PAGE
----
Faith Seeking Understanding: An Introduction to Christian Theology (third ed.)
Eerdmans, Grand Rapids, Minn. 485 pages
Twenty-five years after it was first published, this book still maintains its status as one of the finest introductions to Christian theology in our time. Now in the third edition, the author has added a fourth imaginary dialogue between Karl Barth and Friedrich Nietzsche on atheism. All of the important topics in Christian theology are covered in this book, making it outstanding for students and equally important for pastors who desire to sustain their theological skills or simply enjoy a good theological conversation.
Strange Glory: A Life of Dietrich Bonhoeffer
Alfred Knopf, New York. 515 pages
This is the finest biography of Bonhoeffer since Eberhard Bethge’s magisterial book. (A longer review will be forthcoming in these pages.) The author has put together an astonishing amount of new material on Bonhoeffer and woven it into a narrative that makes his life and time come alive in fresh ways. This is not hagiography; it is a careful historical biography that illuminates Bonhoeffer in a personal way that, of course, makes his extraordinary life all the more important for today.
Few thinkers are more provocative and therefore more challenging to read than Stanley Hauerwas. These essays continue his practice of thoughtful reflections on theology, church, politics, life and death. Hauerwas is the rare individual who pushes his own thought to confront the implications of his theological arguments. He takes following Jesus seriously and readers who wrestle alongside him will learn to do the same.
Hauerwas : A (Very) Critical Introduction
Nicholas M. Healy
Eerdmans, Grand Rapids, Mich. 142 pages
It is a rare treat for an admirer to bring a sustained critical argument to the work of one he admires. That makes this book so exceptional and important, especially for readers who have been influenced by Hauerwas. A generation of Christian leaders have been challenged by his provocative teachings of Christian discipleship and theological method. Nicholas Healy provides a great gift in this book to those who want a more critical way to incorporate Hauerwas’ theology and practice.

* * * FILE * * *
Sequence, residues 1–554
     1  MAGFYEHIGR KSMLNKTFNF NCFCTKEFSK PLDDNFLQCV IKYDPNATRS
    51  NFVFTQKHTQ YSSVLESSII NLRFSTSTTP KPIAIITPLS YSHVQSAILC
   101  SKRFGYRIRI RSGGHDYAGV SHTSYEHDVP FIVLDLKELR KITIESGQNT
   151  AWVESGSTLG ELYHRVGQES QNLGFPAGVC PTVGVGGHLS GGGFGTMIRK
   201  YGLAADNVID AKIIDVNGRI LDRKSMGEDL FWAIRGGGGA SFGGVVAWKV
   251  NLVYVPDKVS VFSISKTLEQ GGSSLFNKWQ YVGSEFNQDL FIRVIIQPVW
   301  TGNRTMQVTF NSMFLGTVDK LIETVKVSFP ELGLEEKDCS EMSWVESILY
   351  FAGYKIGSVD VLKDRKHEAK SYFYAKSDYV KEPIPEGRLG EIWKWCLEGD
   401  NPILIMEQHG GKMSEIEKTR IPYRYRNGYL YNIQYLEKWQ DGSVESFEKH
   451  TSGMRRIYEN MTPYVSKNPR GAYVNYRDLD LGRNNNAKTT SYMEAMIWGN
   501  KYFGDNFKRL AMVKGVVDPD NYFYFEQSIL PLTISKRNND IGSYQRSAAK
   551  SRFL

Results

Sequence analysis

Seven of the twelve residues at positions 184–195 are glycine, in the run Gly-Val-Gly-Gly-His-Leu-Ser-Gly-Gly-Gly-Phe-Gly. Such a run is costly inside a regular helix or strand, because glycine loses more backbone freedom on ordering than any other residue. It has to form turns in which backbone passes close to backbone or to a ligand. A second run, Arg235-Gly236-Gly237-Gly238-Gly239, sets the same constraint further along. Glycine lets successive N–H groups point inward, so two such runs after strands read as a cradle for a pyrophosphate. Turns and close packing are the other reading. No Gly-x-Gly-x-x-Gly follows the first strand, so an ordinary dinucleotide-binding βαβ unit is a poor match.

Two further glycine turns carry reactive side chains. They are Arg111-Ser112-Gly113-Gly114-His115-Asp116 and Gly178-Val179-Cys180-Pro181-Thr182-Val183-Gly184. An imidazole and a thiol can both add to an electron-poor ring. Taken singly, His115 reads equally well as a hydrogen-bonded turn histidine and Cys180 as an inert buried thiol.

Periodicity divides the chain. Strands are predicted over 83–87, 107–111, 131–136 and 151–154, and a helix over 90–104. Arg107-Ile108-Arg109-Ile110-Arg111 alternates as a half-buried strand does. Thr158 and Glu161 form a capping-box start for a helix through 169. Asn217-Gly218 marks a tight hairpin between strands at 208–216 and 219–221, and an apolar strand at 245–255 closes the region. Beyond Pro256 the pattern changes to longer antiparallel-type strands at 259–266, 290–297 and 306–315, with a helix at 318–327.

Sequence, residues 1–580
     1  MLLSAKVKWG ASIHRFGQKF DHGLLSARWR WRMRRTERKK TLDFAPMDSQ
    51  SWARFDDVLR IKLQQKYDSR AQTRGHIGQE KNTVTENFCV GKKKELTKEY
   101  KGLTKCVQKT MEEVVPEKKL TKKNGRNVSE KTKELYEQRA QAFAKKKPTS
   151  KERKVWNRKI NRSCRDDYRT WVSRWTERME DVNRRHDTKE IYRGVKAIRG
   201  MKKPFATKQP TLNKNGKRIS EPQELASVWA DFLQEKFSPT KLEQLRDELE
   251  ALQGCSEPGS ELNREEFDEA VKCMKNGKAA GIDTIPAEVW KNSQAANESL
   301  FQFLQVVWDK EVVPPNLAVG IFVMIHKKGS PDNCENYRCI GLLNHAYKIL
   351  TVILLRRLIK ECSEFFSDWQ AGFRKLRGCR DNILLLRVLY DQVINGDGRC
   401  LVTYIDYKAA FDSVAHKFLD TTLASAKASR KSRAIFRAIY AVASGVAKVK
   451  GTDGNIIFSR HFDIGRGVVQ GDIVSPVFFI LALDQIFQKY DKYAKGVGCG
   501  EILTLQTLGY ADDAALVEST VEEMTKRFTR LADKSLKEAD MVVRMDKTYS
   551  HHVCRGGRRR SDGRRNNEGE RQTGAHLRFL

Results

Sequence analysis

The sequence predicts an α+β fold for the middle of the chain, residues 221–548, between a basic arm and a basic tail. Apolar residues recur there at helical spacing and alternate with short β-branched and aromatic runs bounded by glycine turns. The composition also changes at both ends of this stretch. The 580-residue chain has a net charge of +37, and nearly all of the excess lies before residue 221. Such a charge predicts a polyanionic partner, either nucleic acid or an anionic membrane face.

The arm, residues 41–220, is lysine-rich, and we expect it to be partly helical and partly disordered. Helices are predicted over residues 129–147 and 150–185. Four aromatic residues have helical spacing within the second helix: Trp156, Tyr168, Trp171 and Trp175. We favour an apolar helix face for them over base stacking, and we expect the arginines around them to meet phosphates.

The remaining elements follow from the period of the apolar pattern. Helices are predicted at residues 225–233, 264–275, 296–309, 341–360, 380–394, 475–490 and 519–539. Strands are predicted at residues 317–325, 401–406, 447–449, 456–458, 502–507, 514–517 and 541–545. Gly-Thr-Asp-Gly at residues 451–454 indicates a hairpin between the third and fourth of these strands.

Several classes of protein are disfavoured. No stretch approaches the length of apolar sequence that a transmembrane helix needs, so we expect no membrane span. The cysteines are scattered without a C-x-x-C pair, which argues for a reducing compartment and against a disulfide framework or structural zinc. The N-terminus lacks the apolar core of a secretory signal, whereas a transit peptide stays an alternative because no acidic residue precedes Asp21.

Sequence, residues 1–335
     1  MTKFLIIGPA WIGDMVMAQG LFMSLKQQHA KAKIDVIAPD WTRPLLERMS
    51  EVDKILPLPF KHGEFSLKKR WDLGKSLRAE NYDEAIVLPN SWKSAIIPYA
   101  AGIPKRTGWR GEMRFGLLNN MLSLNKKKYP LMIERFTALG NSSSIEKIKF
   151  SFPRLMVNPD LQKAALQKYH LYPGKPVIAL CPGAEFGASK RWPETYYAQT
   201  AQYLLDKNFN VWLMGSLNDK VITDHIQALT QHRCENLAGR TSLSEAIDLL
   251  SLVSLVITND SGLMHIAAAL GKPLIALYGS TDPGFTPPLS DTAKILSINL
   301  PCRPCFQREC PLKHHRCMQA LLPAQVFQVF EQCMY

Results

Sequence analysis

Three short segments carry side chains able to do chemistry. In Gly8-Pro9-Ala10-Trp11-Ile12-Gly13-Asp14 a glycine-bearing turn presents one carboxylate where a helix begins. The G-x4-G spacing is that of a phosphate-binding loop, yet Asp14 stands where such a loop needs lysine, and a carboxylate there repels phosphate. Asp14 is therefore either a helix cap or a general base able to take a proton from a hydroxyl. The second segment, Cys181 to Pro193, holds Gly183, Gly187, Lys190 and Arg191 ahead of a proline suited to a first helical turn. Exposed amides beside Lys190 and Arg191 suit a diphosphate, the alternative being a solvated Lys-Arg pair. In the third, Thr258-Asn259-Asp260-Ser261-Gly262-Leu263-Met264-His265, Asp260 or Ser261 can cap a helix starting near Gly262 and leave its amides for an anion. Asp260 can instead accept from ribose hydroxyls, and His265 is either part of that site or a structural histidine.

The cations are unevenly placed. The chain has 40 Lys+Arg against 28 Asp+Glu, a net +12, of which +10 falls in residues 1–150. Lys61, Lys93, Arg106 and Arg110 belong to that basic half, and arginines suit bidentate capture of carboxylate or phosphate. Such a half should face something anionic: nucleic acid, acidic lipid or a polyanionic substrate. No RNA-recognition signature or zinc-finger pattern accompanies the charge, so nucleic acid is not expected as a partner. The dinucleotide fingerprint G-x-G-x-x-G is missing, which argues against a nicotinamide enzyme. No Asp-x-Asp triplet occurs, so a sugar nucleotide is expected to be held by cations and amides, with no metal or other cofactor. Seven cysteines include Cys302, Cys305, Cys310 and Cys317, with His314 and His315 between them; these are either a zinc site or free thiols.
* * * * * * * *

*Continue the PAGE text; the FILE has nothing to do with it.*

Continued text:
This is an insightful and illuminating exploration of the social and economic patterns of Second Temple Judea. The careful reader will discern the concerns of contemporary economics in this period and understand how they merge with a long-standing biblical argument for justice.
Eric D. Barreto, editor
Fortress Press, Minneapolis. 145 pages
If you want to cultivate the skills to read theological and biblical texts with a hospitable, creative mind, then read this book. Designed for seminary students, it will be valuable to anyone who cares about close reading with a hospitable imagination.
Philippians and Philemon (Belief: A Theological Commentary on the Bible)
WJK Press, Louisville, Ky. 274 pages
This is a theological commentary by a theologian who brings an uncanny insight into these texts. The “Belief” series is a welcome addition to commentaries that bring the text into creative theological conversation with contemporary concerns.
Evangelical versus Liturgical — Defying a Dichotomy
Melanie C. Ross
Eerdmans, Grand Rapids, Mich. 148 pages
The author offers a carefully researched argument that the dichotomy between liturgical and evangelical (free church) worship is unnecessary. She provides ample evidence with actual congregations that one can learn from the other. The result will be deeper worship of the people of God.